Katherine stands to benefit from $4 million in funding for research into food security, sustainable agriculture and drought resilience for the Top End.
The federal funding will allow Charles Darwin University to establish the Research Institute for Northern Agriculture and Drought Resilience to increase research capability in agronomy, the science of soil management and crop production.
"The new Research Institute will build the Northern Territory's research capability and capacity and develop research strengths and skills to assist the NT primary production sector including pastoral, cropping systems, horticulture, aquaculture, and seafood industries to achieve sustainable industry expansion and resilience to future drought," CDU Acting Vice-Chancellor Mike Wilson said.
"This project will drive the development of new research skills at CDU and will support Indigenous-led enterprise development to meet the challenges of the primary production sector in Northern Australia."
NT Farmers CEO Paul Burke said the institute would play "an essential role in enhancing our knowledge of innovative and sustainable farming techniques in northern Australia.
"Importantly for the Katherine region, it will promote agricultural practices developed specifically for our local conditions," he said.
Mr Burke said that the work undertaken by the institute would be vital for agricultural production in the region, especially in times of drought. "The north is the future of agriculture in Australia, the institute will be the catalyst for its growth and development," he said.
Senator for the Northern Territory Sam McMahon said the funding would provide a huge boost to Darwin and the Top End and grow the skills of the Northern Territory's agriculture workforce.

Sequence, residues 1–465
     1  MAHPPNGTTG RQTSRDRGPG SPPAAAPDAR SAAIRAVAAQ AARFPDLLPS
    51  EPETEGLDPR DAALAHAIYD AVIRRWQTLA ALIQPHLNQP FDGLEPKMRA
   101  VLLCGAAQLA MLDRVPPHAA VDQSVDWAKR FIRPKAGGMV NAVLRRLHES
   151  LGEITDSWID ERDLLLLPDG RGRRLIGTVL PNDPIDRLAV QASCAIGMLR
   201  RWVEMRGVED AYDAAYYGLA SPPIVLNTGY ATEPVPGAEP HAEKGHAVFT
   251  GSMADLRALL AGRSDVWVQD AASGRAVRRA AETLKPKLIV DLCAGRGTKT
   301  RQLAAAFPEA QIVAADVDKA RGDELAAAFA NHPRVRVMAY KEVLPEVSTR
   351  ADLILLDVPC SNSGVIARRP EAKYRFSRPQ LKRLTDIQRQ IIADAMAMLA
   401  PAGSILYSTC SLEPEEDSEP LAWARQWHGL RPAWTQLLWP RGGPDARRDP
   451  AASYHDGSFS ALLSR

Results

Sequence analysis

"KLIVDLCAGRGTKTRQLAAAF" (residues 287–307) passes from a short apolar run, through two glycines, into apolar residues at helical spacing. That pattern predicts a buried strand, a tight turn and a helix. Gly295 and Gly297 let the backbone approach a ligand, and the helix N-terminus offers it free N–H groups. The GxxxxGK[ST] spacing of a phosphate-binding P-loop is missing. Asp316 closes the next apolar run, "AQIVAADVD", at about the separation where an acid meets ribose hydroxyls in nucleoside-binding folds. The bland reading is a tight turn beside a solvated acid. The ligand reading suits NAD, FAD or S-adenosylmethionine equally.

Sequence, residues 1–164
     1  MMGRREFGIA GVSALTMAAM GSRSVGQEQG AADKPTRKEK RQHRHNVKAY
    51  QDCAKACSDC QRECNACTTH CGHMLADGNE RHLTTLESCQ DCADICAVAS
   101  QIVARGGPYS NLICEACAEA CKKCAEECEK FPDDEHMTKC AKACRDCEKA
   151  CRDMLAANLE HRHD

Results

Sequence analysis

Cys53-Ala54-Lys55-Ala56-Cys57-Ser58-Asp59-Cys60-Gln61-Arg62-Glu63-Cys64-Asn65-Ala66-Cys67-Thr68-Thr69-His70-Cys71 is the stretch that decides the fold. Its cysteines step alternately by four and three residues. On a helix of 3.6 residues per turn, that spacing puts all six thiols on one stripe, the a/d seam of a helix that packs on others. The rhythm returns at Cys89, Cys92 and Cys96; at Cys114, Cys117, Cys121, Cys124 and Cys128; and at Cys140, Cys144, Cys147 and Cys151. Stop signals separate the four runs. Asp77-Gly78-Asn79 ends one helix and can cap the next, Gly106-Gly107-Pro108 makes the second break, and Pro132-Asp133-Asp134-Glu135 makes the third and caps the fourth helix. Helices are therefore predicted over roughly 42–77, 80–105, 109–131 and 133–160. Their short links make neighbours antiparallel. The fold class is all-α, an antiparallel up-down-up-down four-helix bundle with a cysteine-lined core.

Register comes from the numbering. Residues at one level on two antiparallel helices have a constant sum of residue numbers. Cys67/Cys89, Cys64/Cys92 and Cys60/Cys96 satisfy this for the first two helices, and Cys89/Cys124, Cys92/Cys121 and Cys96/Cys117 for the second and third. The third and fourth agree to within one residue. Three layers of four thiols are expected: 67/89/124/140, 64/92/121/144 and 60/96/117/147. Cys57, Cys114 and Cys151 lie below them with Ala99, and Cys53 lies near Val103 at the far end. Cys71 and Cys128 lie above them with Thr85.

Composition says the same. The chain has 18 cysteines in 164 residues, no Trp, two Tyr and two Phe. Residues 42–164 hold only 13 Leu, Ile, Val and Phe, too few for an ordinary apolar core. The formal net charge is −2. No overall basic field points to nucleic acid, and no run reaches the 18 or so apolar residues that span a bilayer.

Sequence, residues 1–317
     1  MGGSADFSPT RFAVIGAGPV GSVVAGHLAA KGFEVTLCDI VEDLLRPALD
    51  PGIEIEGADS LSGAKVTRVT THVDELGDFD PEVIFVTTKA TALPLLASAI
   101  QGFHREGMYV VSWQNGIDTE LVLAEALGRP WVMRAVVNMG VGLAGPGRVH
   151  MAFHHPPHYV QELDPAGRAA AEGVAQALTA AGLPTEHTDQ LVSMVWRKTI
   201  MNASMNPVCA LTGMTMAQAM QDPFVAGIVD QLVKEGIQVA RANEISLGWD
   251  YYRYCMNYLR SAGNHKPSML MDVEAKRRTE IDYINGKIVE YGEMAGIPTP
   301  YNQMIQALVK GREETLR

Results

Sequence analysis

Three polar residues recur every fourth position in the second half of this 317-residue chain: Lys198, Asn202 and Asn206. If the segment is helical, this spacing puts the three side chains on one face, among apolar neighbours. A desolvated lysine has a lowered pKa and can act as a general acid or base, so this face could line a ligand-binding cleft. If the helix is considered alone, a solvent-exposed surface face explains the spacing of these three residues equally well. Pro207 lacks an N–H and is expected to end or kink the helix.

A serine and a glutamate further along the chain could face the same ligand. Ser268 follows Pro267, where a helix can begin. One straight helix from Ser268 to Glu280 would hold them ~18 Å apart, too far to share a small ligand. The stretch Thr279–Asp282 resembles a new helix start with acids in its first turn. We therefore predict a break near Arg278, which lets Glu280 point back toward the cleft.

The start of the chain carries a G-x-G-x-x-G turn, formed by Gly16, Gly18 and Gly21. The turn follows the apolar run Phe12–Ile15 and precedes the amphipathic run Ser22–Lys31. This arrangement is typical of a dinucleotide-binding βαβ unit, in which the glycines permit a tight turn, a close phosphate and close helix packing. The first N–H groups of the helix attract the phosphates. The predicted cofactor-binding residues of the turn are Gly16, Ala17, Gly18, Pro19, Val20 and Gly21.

"Conducting this research in the Northern Territory means its findings can be tailored to meet the unique challenges of farming in Northern Australia," she said.
"Whether it be drought or floods, Australia can be a tough place to farm, but regional Australians have overcome these challenges for generations.
She said that enabling regional Australians to have a larger role in researching areas of critical importance to their communities would result in better outcomes
"How we feed our population in future will remain a key challenge for Australia and the research conducted at CDU will go a long way to overcoming those challenges," she said.
Minister for Education and Youth Alan Tudge said the project was one of six sharing in nearly $20 million through the first round of the Government's Regional Research Collaboration Program.
"We want our world-class research to be at the forefront of our economic and social success and we want the NT to be a big part of that," Minister Tudge said.
"Our funding will support CDU to work with local industry partners to make their research more viable and targeted, boosting local businesses and creating jobs.
"Food security and better farming practices are key areas of focus for the Government and for regional communities in the NT.
"Australia is a world-leader in agricultural research and development and this project will help the NT increase the efficiency and resilience of its agriculture sector.
Minister for Regionalisation, Regional Communications and Regional Education Senator Bridget McKenzie said regional Australia was primed to lead our economic recovery post COVID.
"Australia's regional and remote centres of excellence are already generating ground-breaking solutions to real world problems. Its essential they're supported to deepen these communities of expertise," Minister McKenzie said.
"Our investment will also create more opportunities for students to pursue research projects and gain a post-graduate qualification within the NT.
The Government has invested $48.8 million over four years in the RRC Program to boost research capacity in regional Australia. Round two is expected to open in 2022.
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